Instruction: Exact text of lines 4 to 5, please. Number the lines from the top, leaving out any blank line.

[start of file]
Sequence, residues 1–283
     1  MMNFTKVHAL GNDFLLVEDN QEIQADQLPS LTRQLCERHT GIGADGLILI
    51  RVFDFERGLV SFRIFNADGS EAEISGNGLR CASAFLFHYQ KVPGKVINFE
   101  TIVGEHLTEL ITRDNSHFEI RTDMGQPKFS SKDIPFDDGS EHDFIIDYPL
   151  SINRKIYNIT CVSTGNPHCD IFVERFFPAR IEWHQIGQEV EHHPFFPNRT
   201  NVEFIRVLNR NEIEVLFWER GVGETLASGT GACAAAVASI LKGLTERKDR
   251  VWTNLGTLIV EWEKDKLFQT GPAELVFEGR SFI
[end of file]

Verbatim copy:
   101  TIVGEHLTEL ITRDNSHFEI RTDMGQPKFS SKDIPFDDGS EHDFIIDYPL
   151  SINRKIYNIT CVSTGNPHCD IFVERFFPAR IEWHQIGQEV EHHPFFPNRT